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eileen d. has posted 69 annotations/comments since 28 August 2016.

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About Saturday 8 December 1660

eileen d.  •  Link

"...who were in a great fear that we had committed a great error of 100,000l. in our late account gone into the Parliament..."

as a former accountant, I too was aghast at the thought of such an error! If Sam had been truly worried, I think he would have mentioned it (e.g. "at which I was greatly troubled"). That there is no such comment leads me to believe he had no serious doubts about the accuracy.

Which further leads me to wonder about the source of the allegation. Any guesses? Was W Penn a worry wart? political rivals? I would think such an error would cause a juicy scandal.

About Saturday 17 November 1660

eileen d.  •  Link

just a reminder, PLEASE no spoilers. this site provides a wonderful immediacy for us readers by allowing us to learn things as Pepys learns them.

there's plenty of info in the background links when one desires a chronological overview of individuals or events. that information does not belong here in the daily annotations.

sorry, bill, while I appreciate your contributions I find I now have to skip your posts, scrolling quickly past so as to avoid an unwanted revelation.

About Sunday 21 October 1660

eileen d.  •  Link

my boy

Annie B., Pauline notes:
"Claire Tomalin reports that when he joined the household he was 10-12 years old" (see background notes per link)

puts it in a different perspective!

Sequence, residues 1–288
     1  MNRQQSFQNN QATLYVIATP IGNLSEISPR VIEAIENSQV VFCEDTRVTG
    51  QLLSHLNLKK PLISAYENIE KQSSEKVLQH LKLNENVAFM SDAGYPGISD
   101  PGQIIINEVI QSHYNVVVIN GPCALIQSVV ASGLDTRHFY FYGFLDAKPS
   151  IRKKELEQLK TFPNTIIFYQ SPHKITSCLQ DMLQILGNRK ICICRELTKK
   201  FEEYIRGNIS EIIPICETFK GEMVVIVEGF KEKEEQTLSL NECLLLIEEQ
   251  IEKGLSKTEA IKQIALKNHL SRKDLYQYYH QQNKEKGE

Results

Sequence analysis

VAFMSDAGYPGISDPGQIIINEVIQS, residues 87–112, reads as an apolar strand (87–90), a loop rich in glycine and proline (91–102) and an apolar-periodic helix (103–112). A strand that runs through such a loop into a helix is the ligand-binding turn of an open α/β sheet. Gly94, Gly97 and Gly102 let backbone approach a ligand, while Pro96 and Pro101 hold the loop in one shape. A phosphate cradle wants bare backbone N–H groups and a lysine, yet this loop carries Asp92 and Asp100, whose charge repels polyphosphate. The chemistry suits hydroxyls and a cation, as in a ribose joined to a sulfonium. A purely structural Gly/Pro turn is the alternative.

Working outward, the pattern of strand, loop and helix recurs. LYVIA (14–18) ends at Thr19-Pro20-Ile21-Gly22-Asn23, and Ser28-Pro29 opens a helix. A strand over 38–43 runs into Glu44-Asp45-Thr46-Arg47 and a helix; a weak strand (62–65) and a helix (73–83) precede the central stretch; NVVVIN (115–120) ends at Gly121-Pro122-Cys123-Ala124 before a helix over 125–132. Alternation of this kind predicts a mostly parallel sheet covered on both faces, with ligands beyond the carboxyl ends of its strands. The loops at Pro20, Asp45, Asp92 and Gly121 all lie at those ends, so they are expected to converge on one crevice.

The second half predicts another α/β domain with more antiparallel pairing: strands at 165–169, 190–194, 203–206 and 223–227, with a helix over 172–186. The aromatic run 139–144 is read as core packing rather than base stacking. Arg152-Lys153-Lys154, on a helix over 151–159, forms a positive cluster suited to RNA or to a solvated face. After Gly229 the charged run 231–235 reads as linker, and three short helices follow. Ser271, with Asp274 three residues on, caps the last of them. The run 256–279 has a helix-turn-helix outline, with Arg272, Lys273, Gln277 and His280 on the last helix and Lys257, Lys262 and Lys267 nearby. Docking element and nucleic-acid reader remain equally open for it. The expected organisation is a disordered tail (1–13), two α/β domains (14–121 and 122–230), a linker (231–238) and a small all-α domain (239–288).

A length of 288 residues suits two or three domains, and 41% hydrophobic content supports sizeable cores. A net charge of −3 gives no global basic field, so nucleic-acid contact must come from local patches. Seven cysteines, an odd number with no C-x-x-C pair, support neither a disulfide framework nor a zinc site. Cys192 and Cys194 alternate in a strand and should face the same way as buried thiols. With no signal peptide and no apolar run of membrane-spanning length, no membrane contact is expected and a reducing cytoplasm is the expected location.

About Monday 8 October 1660

eileen d.  •  Link

gilded leather wall hangings (via google>Wikipedia):

Cuir de Cordoue, or cordwain or cordovan (meaning: "from Córdoba"), sometimes called gold leather (from Dutch "goudleer"), refers to painted and gilded (and often embossed) leather hangings, manufactured in panels and assembled for covering walls as an alternative to tapestry.
...
Cuir de Cordoba is usually made of fine leather; often calf skins are used. The technique consists of shaping panels of wet leather over wooden moulds, then painting them, then oil-gilding and lacquering them. Sometimes smooth panels of painted Cuir de Cordoue were used.

Patterns for these panels followed fashions in silk damask, at some lag in time, since the high-relief wooden moulds were laborious to make. After the second half of the 18th century, this luxurious artisan product was no longer made,[1] its place taken in part by chintz hangings and printed wallpapers. In the eighteenth century Chinoiserie patterns were popular with Cuir de Cordoue.
https://en.m.wikipedia.org/wiki/Cuir_de_Cordoue

About Saturday 29 September 1660

eileen d.  •  Link

"DNB"
Dictionary of National Biography
The Dictionary of National Biography (DNB) is a standard work of reference on notable figures from British history, published from 1885. The updated Oxford Dictionary of National Biography (ODNB) was published on 23 September 2004 in 60 volumes and online.
(Wikipedia)

About Sunday 23 September 1660

eileen d.  •  Link

this seems like quite the apt quote for our up-and-coming young man...no wonder he liked it!
1 Corinthians 9:24
“Know ye not that they which run in a race run all, but one receiveth the prize? So run, that ye may obtain.” King James Version (KJV)

About Wednesday 23 May 1660

eileen d.  •  Link

(phil, feel free to delete! but since you let the original off-topic question stand I thought I'd answer it. thanks.)

john simmons, re: your question about the justice quote, referenced above by The Bishop. Check Loeb's 1914 ed. "Plutarch, The Parallel Lives" chapter: Life of Solon (page 455, section 18.5)
(http://penelope.uchicago.edu/Thayer/E/Roman/Texts…)

'Being asked, namely, what city was best to live in, "That city," he [Solon] replied, "in which those who are not wronged, no less than those who are wronged, exert themselves to punish the wrongdoers."'

About Sunday 1 January 1659/60

eileen d.  •  Link

I just discovered this site, following the same path described by Autumnbreeze Movies (14 Oct 2014). Thank you, Phil! Thank you Project Gutenberg volunteers! Thank you, amazing long-time annotators! And thank you, internet for opening the wide world for me.